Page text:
Sweeteners and their continuing evolution
In 2020, the FDA made a simple yet hugely consequential change to nutrition label requirements, requiring a larger font size for the calorie count. This set off a surge in demand for low-calorie sweeteners, as sweeteners usually constitute a significant portion of total calorie count.
Allulose, a synthetic sugar that has a similar taste, texture, and sweetness to real sugar, but has only ~10% of the calories, is consequently becoming a popular ingredient among food manufacturers.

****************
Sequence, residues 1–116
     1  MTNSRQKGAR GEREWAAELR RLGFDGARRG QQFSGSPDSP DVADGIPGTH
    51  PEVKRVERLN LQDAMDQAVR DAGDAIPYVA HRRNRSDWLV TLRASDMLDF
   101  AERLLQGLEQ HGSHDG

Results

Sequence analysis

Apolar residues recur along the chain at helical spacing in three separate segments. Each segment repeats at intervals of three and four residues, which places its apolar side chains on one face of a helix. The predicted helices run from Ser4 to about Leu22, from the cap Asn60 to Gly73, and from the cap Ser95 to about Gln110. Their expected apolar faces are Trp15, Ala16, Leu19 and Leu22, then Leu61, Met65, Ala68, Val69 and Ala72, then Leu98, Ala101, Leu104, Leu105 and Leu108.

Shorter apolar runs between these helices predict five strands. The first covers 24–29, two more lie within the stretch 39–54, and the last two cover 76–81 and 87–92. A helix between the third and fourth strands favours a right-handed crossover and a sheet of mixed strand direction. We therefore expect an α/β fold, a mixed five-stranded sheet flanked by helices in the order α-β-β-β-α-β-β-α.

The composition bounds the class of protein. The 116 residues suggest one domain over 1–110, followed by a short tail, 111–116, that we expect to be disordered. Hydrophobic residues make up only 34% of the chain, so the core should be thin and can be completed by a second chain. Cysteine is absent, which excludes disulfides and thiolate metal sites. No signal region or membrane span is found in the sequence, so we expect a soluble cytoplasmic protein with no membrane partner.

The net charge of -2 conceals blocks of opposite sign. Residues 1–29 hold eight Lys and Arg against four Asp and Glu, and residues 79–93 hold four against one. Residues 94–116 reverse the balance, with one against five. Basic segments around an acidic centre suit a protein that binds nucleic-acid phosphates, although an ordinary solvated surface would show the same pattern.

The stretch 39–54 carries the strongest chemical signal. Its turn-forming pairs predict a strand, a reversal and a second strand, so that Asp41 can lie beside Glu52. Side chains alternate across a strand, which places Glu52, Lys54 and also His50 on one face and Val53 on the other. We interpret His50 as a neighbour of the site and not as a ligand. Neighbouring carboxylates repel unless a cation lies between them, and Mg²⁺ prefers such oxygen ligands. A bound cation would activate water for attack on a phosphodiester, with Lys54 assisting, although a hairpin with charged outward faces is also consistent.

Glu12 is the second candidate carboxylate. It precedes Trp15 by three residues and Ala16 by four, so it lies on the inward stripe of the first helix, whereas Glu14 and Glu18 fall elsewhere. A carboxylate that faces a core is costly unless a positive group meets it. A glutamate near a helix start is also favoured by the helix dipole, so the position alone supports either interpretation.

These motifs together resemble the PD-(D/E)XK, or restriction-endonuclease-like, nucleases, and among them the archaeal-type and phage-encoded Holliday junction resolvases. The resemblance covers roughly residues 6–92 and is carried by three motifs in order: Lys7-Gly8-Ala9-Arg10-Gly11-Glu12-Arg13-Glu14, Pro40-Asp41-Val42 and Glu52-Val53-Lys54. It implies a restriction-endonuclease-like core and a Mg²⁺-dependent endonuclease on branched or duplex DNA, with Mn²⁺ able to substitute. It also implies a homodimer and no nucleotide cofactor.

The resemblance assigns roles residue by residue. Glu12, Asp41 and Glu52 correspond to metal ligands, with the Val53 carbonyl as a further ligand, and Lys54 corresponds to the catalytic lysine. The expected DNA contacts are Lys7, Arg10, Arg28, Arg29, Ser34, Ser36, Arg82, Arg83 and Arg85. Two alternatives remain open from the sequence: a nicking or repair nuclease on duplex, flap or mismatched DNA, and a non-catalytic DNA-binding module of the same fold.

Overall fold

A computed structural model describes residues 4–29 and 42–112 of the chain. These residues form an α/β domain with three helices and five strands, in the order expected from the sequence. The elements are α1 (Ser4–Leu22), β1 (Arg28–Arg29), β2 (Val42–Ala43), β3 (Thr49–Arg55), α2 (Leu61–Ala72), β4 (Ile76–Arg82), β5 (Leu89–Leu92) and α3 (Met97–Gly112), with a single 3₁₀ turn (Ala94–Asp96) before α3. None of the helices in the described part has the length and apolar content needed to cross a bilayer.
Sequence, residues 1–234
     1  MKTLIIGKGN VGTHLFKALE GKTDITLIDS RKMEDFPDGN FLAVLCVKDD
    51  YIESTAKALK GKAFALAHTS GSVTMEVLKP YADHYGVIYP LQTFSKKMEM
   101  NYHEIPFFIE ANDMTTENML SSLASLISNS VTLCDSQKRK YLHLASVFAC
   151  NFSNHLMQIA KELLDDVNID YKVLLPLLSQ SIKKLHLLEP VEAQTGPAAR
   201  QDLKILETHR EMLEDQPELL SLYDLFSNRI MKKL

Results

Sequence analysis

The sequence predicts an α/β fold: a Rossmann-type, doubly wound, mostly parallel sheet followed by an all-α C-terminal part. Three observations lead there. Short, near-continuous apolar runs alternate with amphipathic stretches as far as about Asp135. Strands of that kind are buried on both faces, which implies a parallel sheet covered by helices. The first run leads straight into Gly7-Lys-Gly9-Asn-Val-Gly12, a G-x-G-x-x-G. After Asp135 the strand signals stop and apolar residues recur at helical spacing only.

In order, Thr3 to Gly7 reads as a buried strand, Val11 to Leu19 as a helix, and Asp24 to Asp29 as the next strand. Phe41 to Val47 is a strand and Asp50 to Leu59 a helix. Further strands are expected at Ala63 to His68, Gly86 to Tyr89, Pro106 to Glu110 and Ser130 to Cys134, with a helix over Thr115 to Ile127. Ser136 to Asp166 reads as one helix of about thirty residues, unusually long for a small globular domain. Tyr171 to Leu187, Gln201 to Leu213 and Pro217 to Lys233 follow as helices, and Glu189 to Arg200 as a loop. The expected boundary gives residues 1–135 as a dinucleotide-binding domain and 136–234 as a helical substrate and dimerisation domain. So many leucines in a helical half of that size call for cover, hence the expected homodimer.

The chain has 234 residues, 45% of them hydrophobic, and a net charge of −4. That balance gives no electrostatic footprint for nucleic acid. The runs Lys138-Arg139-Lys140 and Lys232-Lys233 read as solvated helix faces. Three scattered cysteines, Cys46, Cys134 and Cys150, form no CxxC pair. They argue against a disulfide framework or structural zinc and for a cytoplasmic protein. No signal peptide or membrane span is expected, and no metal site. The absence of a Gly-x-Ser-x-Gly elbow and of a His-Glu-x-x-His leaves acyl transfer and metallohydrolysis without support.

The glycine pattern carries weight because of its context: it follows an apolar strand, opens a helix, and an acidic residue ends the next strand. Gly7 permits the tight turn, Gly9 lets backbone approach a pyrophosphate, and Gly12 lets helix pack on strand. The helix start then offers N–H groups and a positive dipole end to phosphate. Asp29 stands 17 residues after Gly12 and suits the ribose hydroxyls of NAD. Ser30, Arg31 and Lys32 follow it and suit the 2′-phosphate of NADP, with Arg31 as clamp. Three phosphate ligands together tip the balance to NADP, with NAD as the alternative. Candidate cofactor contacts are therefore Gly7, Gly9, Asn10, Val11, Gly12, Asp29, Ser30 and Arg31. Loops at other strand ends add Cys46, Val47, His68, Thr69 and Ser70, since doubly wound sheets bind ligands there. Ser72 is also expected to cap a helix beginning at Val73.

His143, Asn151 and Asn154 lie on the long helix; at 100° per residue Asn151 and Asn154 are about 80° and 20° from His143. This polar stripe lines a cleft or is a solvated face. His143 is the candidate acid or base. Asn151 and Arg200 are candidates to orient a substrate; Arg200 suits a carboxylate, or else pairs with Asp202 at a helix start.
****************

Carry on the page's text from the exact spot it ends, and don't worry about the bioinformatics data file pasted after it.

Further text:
Allulose and its benefits
Allulose, in particular, is benefiting from another labeling trend: it can now be excluded from the “total sugars” and “added sugars” lines on the label, meaning that it offers the lowest calories for a given level of sweetness. As a result, Allulose use has grown at 211% annually in North America from 2017 to 2020.
There are almost a dozen sugar substitutes in widespread use, from Stevia—which has been an ingredient for millennia—to newer compounds like sucralose and neotame. Some of these compounds have a bitter aftertaste, some are simply far less sweet than sugar, and some take a long time to receive regulatory approval. Still, though, artificial sweeteners haven't yet fully disrupted the massive $100B sweetening market, where sugar even now maintains an 85% share.